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Date:   Tue, 14 Jan 2020 15:27:00 -0400
From:   Jason Gunthorpe <>
To:     Christoph Hellwig <>
        Waiman Long <>,
        Peter Zijlstra <>,
        Thomas Gleixner <>,
        Ingo Molnar <>, Will Deacon <>,
        Andrew Morton <>,,,,
Subject: Re: RFC: hold i_rwsem until aio completes

On Tue, Jan 14, 2020 at 05:12:13PM +0100, Christoph Hellwig wrote:
> Hi all,
> Asynchronous read/write operations currently use a rather magic locking
> scheme, were access to file data is normally protected using a rw_semaphore,
> but if we are doing aio where the syscall returns to userspace before the
> I/O has completed we also use an atomic_t to track the outstanding aio
> ops.  This scheme has lead to lots of subtle bugs in file systems where
> didn't wait to the count to reach zero, and due to its adhoc nature also
> means we have to serialize direct I/O writes that are smaller than the
> file system block size.

I've seen similar locking patterns quite a lot, enough I've thought
about having a dedicated locking primitive to do it. It really wants
to be a rwsem, but as here the rwsem rules don't allow it.

The common pattern I'm looking at looks something like this:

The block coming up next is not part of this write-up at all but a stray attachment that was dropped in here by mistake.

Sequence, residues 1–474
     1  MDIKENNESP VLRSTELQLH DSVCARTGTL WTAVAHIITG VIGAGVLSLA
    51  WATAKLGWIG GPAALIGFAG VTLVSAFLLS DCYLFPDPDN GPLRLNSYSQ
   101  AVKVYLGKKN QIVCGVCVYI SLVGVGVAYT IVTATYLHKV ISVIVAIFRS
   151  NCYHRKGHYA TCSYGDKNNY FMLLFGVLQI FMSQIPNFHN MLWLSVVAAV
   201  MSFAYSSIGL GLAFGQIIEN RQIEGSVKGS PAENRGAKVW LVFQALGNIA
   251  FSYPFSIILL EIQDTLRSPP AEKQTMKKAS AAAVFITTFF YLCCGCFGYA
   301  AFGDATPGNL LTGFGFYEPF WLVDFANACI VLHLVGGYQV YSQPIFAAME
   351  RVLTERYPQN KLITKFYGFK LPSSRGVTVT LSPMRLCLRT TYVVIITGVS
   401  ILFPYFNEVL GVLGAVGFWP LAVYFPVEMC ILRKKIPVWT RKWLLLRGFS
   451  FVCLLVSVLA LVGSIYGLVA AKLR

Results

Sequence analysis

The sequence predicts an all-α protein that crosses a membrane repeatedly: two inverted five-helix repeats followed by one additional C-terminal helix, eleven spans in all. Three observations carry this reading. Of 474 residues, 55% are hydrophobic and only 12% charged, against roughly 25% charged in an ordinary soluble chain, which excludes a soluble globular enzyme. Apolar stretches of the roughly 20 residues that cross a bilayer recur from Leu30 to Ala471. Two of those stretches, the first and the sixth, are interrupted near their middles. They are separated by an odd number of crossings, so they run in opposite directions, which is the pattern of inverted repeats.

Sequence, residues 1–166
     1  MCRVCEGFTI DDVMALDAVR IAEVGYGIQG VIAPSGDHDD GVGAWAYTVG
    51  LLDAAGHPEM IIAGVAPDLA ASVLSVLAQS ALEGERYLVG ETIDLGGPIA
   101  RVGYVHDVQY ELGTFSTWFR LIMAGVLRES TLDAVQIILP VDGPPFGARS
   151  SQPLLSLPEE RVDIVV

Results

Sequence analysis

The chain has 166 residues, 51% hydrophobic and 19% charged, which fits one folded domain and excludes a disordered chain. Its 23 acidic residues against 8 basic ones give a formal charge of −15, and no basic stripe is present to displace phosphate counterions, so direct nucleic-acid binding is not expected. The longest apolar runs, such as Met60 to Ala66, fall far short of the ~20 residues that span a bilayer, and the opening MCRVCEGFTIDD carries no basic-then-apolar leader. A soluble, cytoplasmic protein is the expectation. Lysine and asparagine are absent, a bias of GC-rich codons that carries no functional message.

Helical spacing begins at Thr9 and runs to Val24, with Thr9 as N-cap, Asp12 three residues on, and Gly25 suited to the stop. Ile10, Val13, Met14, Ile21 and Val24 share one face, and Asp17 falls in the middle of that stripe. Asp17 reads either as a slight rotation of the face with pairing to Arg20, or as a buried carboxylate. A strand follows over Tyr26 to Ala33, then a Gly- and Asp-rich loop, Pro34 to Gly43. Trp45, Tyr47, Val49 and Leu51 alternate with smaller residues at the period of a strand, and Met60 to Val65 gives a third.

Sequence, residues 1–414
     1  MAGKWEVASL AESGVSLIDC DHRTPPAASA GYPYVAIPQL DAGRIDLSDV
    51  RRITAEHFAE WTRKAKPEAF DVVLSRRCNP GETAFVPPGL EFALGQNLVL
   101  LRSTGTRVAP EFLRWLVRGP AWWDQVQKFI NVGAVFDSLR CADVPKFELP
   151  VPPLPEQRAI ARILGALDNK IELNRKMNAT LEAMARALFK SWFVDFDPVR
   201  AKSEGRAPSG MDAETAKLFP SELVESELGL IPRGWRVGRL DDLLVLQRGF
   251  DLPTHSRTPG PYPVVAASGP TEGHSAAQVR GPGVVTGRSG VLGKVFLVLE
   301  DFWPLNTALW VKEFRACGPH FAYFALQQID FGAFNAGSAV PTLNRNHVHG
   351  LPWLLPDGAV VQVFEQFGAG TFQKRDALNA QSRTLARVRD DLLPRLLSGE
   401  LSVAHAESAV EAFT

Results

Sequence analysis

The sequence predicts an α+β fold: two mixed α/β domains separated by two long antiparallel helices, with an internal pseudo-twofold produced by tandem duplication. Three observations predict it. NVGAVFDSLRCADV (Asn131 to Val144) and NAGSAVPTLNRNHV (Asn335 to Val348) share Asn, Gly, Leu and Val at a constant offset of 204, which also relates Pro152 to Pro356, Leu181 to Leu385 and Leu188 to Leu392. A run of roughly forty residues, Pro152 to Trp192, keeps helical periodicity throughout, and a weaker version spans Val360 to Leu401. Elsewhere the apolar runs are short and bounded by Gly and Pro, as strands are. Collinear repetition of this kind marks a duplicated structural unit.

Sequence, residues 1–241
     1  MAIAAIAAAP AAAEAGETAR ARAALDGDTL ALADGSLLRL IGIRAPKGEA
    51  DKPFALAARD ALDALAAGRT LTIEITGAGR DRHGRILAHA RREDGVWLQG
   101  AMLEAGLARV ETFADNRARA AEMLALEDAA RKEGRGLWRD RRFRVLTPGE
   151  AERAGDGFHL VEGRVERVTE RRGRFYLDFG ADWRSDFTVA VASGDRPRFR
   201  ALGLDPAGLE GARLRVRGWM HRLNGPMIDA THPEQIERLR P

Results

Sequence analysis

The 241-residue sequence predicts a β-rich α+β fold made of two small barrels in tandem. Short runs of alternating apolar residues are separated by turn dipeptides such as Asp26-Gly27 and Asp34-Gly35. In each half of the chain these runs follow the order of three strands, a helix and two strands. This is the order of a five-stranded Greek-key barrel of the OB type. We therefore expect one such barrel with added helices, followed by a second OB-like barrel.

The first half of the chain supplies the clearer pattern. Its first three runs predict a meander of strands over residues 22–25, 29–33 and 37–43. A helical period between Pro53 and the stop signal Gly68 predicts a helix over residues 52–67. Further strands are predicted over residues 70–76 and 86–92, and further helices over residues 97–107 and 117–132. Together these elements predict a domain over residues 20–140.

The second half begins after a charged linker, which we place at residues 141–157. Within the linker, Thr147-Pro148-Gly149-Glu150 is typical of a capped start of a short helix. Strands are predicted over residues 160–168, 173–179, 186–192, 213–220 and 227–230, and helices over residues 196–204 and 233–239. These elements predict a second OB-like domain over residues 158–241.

'try begin read'() // aka down_read_trylock()

  /* The lockdep release hackery you describe,
     the rwsem remains read locked */
 'exit reader'()

 .. delegate unlock to work queue, timer, irq, etc ..

in the new context:

 're_enter reader'() // Get our lockdep tracking back

 'end reader'() // aka up_read()

vs a typical write side:

 'begin write'() // aka down_write()

 /* There is no reason to unlock it before kfree of the rwsem memory.
    Somehow the user prevents any new down_read_trylock()'s */
 'abandon writer'() // The object will be kfree'd with a locked writer

The typical goal is to provide an object destruction path that can
serialize and fence all readers wherever they may be before proceeding
to some synchronous destruction.

Usually this gets open coded with some atomic/kref/refcount and a
completion or wait queue. Often implemented wrongly, lacking the write
favoring bias in the rwsem, and lacking any lockdep tracking on the
naked completion.

Not to discourage your patch, but to ask if we can make the solution
more broadly applicable?


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